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Journal of the Korean Child Neurology Society 2002;10(2):362-368.
Published online November 30, 2002.
A Case of Ramsay Hunt Syndrome Associated with Aseptic Meningitis.
Joon Sung Kim, Chan Kyun Oh, Dong Kyun Han, Jun Sun Yi, Young Jong Woo
Department of Pediatrics, Chonnam National University Medical School, Gwangju, Korea. drkimjs@hanmail.net
Abstract
Ramsay Hunt syndrome(RHS or herpes zoster oticus) is caused by reactivation of latent varicella-zoster virus(VZV) in the geniculate ganglion of the seventh cranial nerve. Unilateral facial paralysis is accompanied by herpetic vesicles on the external auditory canal or in the mouth. The prognosis is not good as that of idiopathic facial palsy. Aggressive treatment with acyclovir, in combination with steroids, is recommended. RHS is thought to affect adults primarily, but a few cases of children with RHS have been reported. We present a case of RHS combined with aseptic meningitis in a previously healthy 10-year-8-month-old boy. He showed a complete peripheral facial palsy on the right side with CSF pleocytosis. Eight days after the onset of the facial palsy, the characteristic herpetic vesicles appeared on the pinna of the right side. The analysis of sera confirmed the clinical diagnosis of RHS with a positive IgG and IgM-ELISA antibody titer of VZV. Although we administered acyclovir and prednisolone adequately to the patient, he has shown an incomplete recovery of the facial palsy on a follow-up visit. The physicians should be prudent in the diagnosis of idiopathic facial palsy or RHS, and must watch for the appearance of vesicles in children with facial palsy.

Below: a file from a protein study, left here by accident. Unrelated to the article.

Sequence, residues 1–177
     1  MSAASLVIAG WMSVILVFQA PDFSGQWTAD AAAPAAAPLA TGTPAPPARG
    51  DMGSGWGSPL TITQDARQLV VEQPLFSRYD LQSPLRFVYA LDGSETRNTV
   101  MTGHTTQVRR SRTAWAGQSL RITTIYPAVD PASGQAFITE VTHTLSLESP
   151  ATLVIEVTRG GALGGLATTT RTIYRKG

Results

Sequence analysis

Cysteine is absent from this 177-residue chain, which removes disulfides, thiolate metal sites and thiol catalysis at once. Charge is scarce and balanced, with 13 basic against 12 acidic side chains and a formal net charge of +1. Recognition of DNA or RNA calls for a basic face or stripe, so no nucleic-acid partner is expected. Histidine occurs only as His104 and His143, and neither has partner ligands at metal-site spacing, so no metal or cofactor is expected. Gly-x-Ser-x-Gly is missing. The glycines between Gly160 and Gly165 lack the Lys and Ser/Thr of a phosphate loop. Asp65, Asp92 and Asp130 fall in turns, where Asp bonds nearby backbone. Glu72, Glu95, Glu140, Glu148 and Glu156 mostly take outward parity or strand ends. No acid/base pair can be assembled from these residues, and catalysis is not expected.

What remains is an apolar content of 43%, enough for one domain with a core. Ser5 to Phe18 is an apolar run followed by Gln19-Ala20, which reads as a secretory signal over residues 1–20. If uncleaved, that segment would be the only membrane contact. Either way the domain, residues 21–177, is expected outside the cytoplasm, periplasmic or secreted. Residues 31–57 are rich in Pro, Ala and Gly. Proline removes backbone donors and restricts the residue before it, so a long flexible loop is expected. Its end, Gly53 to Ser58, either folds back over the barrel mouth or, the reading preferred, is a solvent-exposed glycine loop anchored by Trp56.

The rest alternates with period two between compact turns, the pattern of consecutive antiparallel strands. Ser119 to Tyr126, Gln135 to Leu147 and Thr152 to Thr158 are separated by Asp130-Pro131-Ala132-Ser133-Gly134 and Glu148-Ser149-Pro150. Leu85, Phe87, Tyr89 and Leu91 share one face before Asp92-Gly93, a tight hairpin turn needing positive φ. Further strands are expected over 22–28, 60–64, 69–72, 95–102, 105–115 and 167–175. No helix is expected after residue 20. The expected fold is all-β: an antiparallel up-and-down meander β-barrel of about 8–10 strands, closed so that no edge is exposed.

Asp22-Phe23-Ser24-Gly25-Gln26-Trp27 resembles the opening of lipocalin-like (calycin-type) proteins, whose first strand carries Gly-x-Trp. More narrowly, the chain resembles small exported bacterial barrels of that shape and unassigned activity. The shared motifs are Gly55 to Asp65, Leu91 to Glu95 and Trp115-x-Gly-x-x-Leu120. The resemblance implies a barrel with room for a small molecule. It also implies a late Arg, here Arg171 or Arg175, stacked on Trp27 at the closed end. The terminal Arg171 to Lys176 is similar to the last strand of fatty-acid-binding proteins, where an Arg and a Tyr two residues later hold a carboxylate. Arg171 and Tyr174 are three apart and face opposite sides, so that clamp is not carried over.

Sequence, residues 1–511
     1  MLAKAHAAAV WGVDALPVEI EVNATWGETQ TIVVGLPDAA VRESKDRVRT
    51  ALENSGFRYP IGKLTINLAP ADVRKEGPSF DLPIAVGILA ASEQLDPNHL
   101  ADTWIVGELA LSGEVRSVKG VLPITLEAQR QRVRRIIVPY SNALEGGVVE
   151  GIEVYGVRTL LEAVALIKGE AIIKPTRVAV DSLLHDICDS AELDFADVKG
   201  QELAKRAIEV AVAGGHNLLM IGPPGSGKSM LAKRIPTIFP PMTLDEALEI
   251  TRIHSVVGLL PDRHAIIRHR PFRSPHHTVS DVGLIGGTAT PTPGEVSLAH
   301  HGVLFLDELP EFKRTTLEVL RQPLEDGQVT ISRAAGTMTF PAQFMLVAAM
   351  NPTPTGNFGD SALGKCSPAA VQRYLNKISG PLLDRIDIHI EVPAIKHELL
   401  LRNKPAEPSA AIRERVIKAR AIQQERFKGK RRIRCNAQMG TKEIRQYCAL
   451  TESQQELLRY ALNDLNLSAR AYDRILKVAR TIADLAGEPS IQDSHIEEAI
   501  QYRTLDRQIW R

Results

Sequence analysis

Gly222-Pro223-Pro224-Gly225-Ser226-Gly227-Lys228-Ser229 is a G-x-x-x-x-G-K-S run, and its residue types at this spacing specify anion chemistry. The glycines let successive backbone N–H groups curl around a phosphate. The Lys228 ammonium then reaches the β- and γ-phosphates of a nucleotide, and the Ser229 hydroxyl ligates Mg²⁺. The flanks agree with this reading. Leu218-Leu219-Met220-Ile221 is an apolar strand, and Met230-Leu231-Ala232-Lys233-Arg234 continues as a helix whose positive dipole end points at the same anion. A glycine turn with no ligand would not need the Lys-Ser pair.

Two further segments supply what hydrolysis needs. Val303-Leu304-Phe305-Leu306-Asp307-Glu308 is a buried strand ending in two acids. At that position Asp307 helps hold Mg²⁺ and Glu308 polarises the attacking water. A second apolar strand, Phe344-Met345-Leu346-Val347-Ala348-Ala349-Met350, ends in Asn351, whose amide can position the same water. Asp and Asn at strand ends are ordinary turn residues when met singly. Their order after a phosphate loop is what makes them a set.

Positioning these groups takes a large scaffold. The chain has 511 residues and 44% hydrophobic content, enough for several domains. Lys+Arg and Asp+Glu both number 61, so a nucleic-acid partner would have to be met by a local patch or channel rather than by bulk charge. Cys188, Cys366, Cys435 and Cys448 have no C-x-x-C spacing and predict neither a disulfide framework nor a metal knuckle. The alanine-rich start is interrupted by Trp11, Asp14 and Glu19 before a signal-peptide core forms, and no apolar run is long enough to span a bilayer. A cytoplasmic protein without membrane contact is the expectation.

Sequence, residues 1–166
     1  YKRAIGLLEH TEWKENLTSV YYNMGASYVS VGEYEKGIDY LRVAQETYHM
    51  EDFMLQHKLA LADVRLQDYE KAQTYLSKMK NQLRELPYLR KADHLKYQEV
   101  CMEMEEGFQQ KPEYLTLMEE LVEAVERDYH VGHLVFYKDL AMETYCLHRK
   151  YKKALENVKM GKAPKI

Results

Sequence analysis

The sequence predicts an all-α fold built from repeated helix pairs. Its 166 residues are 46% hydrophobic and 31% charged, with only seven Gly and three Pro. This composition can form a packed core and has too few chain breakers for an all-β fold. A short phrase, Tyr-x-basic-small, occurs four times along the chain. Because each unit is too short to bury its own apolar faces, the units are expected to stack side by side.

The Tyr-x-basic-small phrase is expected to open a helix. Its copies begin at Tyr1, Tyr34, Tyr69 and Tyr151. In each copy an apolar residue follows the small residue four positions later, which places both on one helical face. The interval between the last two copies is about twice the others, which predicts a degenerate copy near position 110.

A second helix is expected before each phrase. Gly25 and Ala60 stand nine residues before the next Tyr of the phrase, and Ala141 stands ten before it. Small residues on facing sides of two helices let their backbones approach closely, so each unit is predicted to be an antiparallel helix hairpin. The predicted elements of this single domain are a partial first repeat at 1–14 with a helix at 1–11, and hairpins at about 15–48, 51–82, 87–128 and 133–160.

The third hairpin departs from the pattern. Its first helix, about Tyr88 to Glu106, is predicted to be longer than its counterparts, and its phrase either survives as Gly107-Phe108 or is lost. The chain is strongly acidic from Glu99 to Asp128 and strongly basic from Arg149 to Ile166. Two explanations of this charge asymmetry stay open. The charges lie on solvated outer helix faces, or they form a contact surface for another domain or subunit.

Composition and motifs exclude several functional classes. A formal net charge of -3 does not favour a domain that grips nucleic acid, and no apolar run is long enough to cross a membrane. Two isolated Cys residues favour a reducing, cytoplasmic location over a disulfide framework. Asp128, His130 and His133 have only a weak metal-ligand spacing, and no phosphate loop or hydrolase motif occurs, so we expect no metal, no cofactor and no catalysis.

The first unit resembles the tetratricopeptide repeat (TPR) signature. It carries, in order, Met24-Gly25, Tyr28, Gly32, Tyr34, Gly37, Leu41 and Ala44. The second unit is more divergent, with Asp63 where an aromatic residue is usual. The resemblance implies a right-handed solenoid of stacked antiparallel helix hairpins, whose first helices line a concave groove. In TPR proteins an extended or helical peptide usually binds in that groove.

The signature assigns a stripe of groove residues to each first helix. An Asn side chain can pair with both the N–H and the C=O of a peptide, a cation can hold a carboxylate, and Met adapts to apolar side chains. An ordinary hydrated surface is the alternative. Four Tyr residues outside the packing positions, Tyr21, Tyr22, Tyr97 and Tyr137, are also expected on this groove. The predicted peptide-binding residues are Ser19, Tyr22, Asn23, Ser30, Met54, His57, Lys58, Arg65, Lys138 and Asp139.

Key Words: Ramsay Hunt syndrome, Varicella zoster virus, Facial palsy, Aseptic meningitis, Child


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